Updated: Mar 4, 2020
Human trafficking is defined in the dictionary as: "the action or practice of illegally transporting people from one country or area to another, typically for the purposes of forced labor or sexual exploitation." In September 2017, the International Labor Organization (ILO) estimated that 24.9 million men, women, and children were victims of human trafficking around the globe. The most common form of human trafficking is for sexual exploitation, and it affects men, women and children, although most victims are women.
Polaris, a non-profit company devoted to fighting human trafficking, had some alarming statistics. “In 2018, Polaris worked on 10,949 cases of human trafficking reported to the Polaris-operated U.S. National Human Trafficking Hotline. These cases involved 23,078 individual survivors; nearly 5,859 potential traffickers and 1,905 trafficking businesses.” Though there are no statistics yet in the United States about human trafficking, these numbers are definitely scary. It is a problem we need to work to eradicate completely, and we can only do that armed with knowledge.
So how does human trafficking happen? Recruiters find their victims in a variety of ways: pretending to offer love and affection, isolating the victims by kidnapping them and then moving them from location to location so that they aren’t able to be found, posting jobs or advertisements, making promises regarding money and security… plenty of ways, each terrible in its own right.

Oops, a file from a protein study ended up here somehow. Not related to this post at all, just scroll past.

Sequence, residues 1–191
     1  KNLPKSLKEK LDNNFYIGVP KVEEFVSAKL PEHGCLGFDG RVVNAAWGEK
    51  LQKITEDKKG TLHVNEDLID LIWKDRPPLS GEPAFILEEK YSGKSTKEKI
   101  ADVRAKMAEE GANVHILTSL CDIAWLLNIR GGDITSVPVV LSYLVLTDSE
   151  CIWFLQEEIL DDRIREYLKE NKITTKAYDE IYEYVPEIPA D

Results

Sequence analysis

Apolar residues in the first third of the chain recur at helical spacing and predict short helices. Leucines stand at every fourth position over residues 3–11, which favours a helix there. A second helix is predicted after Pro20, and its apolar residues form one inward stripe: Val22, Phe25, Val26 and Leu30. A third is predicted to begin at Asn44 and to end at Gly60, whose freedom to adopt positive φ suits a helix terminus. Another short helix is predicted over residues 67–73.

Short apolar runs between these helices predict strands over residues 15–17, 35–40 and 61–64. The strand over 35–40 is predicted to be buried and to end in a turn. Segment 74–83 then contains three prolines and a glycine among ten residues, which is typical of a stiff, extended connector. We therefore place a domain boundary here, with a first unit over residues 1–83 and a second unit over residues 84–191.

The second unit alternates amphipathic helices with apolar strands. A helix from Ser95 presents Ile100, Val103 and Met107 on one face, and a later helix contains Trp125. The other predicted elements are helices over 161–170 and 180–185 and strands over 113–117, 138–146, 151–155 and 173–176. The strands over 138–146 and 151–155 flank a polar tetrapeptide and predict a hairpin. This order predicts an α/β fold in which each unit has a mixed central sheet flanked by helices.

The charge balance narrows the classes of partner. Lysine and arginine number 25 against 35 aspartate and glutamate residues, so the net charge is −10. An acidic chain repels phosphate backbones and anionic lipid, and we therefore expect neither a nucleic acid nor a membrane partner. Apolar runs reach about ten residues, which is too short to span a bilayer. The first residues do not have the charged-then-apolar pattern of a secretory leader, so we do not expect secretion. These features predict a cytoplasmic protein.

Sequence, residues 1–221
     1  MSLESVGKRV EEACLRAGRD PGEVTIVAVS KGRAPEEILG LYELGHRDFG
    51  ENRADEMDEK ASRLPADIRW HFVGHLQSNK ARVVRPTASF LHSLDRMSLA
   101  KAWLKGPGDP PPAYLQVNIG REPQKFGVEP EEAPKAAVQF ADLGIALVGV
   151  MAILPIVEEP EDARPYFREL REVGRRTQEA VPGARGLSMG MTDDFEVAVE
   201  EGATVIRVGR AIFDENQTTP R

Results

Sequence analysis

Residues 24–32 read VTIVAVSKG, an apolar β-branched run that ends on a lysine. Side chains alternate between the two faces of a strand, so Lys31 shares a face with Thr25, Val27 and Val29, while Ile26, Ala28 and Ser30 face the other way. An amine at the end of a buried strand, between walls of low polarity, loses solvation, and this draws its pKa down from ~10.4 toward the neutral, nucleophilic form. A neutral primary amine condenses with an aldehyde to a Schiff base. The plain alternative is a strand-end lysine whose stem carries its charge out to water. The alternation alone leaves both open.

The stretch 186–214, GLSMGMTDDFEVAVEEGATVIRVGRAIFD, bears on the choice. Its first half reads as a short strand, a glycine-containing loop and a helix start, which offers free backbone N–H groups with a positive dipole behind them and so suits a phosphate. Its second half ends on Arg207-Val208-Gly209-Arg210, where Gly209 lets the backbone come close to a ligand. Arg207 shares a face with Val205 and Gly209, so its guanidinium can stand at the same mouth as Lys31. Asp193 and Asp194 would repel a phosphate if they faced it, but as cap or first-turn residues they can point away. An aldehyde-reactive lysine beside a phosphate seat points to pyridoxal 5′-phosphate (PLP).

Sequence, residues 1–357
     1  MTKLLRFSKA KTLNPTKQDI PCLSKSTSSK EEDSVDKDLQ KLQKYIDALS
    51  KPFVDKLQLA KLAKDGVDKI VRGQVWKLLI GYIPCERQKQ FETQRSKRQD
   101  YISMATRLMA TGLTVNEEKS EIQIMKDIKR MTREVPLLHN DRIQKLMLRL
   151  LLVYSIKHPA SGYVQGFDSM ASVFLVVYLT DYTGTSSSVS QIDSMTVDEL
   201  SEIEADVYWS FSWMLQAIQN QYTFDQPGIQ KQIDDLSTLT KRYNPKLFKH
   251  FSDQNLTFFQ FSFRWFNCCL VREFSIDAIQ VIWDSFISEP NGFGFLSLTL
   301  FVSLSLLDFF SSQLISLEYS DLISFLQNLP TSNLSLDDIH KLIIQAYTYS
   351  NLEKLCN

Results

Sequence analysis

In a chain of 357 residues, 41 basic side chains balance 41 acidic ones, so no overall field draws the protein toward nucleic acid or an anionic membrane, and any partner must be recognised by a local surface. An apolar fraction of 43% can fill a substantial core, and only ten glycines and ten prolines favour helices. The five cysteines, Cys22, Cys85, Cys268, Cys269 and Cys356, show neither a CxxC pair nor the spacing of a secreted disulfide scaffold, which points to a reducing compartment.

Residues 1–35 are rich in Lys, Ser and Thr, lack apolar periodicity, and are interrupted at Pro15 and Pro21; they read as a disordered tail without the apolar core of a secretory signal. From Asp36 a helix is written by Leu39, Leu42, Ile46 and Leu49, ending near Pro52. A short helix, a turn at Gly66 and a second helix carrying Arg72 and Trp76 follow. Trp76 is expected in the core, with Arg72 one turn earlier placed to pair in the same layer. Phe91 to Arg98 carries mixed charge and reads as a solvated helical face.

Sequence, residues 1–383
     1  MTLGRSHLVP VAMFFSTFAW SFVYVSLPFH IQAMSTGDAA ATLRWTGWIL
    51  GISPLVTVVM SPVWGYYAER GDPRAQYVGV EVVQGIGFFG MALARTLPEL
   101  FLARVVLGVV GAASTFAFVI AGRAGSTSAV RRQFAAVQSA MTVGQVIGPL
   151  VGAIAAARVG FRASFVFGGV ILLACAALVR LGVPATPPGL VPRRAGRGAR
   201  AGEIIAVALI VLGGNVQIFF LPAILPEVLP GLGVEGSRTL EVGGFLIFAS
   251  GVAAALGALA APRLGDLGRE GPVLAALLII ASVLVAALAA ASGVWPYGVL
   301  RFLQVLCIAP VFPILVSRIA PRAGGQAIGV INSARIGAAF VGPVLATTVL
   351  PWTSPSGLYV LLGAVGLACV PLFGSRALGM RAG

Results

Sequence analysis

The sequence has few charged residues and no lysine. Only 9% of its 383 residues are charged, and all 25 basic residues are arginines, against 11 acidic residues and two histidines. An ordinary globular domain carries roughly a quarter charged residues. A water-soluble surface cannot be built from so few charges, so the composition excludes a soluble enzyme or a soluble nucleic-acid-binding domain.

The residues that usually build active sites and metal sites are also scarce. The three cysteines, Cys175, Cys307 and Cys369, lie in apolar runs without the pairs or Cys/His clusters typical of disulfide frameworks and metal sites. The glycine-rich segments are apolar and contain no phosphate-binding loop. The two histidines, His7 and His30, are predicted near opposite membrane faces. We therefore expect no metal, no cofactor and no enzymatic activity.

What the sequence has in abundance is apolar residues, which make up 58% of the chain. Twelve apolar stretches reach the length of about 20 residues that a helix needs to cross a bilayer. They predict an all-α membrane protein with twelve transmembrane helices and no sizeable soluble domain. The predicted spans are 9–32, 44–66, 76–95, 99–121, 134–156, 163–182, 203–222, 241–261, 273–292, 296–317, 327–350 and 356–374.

There were claims that World Mission Society Church of God, otherwise known as “God the Mother” was involved in human trafficking. God the Mother church has often been referred to as a cult, by both experts and former members. The movement began in 1964 in South Korea. The Church believes that its founder, Ahn Sanhg-han, is the second coming of Christ. The founders are “God the Mother” and “God the Father” and they believe all other religions are the work of Satan. The church has campuses across the country.
So how does this tie into sex trafficking? There were rumors that the church was approaching young women, asking them if they knew about “God the Mother” and then inviting them to an offsite church. There were claims that this was a front for a human trafficking scam. However, when looked into, there was no validity to the rumors. USCPD Deputy Scott Prill investigated a WMSCOG church congregation near campus and found no link to human trafficking. "There's no evidence supporting this claim of sex trafficking, so we've been trying to get that message out," Prill said.
If nothing else, however, this should teach us to be cautious. Though the church was cleared of these charges, it doesn’t mean that it’s not possible for such a situation to happen. To be safe, keep yourself educated. Stay aware, be cautious of strangers, avoid unsafe situations, protect your passport, register with your local U.S. embassy. If you see something, say something. The National Human Trafficking Hotline is: 1-888-373-7888, or you can text them at: 233733.
Photo By: Pixabay